Igor Stimac never stops smiling. Even when talking about some of the prickly issues holding back Indian football. And certainly not when looking forward to the Asian Cup, for which he hopes to stay on as the coach of the national team.
India, last Tuesday, qualified for the continental championship, rounding off the qualifiers with an emphatic 4-0 win over Hong Kong. The free-flowing, high-intensity performance came as an antidote for Indian football which was reeling after multiple blows – the below-par performances of the national team, which led to a massive budget cut by the government, the appointment of administrators by the Supreme Court to run the federation which raised the possibility of a FIFA ban.
The last bit, the court action against the AIFF and a possible FIFA sanction, had Stimac worried. So, in this backdrop, the three wins and the qualification made him ‘very happy’. But he is careful not to get carried away. “I wouldn’t like to be euphoric like the supporters are,” he says. “Everyone expected us to qualify so that’s not a special achievement.”
From a cozy corner of his hotel room in Warsaw, Stimac doesn’t just want to reflect on his moment of glory, which has come after ‘difficult and turbulent’ moments, and during the three years that had ‘more downs than ups’. But, he says: “I rather speak about problems instead of keeping quiet.”
And so, Stimac, the defensive pillar of Croatia’s first golden generation of players – the batch that reached the semifinals of the 1998 World Cup – goes on the offensive regarding the issues that Indian football is currently facing.
He talks about things that he’s referred to many times before – the importance of having a longer season with more matches, giving Indian players more playing time, having longer duration national team training camps, and urging the government to revise its policy vis-à-vis PIOs playing for India.
Stimac then takes head-on an issue that’s whispered in football circles but not dealt with efficiently: the scheduling of the domestic season, which depends largely on the Indian Premier League, which is broadcast on the same platform as the ISL.
“Things need to be sorted out about the football calendar, which is still being adjusted with regards to IPL and broadcasting… This needs to stop if we want to make football great in India. Football calendar should not depend on other things,” he says.
With IPL media rights for the next five years going for more than $6 billion, does Stimac fear that it will further impact the domestic season? “India is blessed to have a sport as popular as cricket but shouldn’t be afraid to have another sport becoming as popular. And to do so, they need to open the door to football. Otherwise, it will not happen. Football shouldn’t suffer because of cricket,” Stimac says.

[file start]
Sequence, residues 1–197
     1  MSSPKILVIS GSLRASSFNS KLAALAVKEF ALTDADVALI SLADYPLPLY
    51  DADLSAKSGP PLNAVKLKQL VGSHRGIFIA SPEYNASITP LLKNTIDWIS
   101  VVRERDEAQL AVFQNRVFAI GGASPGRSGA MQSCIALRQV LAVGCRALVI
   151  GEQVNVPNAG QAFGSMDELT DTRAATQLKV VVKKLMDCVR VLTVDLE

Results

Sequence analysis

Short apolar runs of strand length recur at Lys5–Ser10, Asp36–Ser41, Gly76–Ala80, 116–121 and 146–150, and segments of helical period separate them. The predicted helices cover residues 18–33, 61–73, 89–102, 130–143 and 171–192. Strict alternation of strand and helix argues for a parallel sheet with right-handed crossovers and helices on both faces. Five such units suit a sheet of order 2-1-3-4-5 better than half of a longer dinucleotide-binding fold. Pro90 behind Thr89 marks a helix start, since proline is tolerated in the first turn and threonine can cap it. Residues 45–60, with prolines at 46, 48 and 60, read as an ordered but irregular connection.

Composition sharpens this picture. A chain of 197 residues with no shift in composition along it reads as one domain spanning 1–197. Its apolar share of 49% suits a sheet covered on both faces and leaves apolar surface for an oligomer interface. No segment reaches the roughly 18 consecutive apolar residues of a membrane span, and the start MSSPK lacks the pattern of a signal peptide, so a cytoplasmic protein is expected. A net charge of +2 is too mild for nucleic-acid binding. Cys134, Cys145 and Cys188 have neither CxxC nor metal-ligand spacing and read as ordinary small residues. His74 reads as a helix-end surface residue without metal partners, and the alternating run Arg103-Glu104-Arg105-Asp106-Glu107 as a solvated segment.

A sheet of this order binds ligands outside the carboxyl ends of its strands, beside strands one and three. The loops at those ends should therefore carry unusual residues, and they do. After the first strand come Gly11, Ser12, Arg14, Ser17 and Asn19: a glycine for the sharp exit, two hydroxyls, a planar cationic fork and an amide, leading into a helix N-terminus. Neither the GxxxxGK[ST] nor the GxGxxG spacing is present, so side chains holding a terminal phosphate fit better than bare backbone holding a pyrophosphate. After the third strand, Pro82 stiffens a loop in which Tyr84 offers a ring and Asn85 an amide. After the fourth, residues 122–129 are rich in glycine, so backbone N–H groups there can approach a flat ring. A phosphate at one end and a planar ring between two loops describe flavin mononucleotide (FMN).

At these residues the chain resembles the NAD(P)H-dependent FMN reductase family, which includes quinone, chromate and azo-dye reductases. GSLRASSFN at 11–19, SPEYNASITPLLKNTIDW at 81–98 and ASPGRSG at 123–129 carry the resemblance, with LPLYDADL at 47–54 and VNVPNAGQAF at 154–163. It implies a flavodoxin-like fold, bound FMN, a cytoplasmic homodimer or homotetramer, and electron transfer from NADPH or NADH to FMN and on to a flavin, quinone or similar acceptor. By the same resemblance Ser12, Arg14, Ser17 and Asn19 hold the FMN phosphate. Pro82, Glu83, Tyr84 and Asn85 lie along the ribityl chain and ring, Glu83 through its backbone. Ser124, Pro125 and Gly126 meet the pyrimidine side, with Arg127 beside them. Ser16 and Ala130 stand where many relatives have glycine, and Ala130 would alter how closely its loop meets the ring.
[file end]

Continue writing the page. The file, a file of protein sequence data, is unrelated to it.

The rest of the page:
Asked why he’s talking about these issues now, three years after arriving in India, Stimac replies: “Throughout the last three years, we were not in a position to talk too much. It was better for us to concentrate on work.”
Stimac took over as India’s coach in May 2019. He seemed prepared for the job, looking meticulous with his research on the Indian players and appeared to have a plan. It began well, too, with the team nearly upsetting Oman in the first match of the 2022 World Cup and 2023 Asian Cup joint qualifiers and then holding Asian champions Qatar to a draw.
The wheels then came off. Before the three back-to-back wins during the Asian Cup qualifiers in the last fortnight, India had won just six out of 25 matches under Stimac. “When I took the job, I was expecting a far different situation, I was expecting everyone to be committed and ready to help the national team rise.”
That, Stimac claims, didn’t always happen. He cites instances where players, sometimes, arrived for national team duties from their respective clubs an ‘hour-and-a-half prior’ to a game. Many times, some key players, he claims, reported to the camp injured, which forced him to field debutants and tinker with the playing 11. “…So I was rather concentrating on the job trying to make sure we don’t mess up,” he adds.
Stimac contract runs out in September. SY Quraishi, who heads the three-member Committee of Administrators that is currently running the day-to-day affairs of the All India Football Federation, has reportedly said they will look into it and decide what has to be done. Although Stimac says he’s committed to India and wants to manage the team at the Asian Cup next year, he wants a discussion on his future soon.
“It is important to understand that the football calendar is different from the normal calendar. Coaches are employed prior to pre-season; their employment happens in June, latest July. So things need to be done earlier than he thinks,” he says. “I am very committed to AIFF. We finished three years of work, qualified for the Asian Cup and I would love to take this team and prove to everyone that India can do better.”
His future as the coach might still not be secure but that hasn’t stopped Stimac from planning. He hopes that a more streamlined upcoming season will be beneficial for all, has identified his core group of players that includes those who were a part of the Asian Cup qualifiers squad, and is already planning to have four international friendlies during the two FIFA windows in September and March.
He also insists on longer camps and better communication with the ISL clubs regarding releasing the players and ensuring they are fully fit. “ISL will not make India fall in love with Indian football. Only the national team will do that,” he says.
Stimac does not stop smiling. But that doesn’t take the sting out of his words.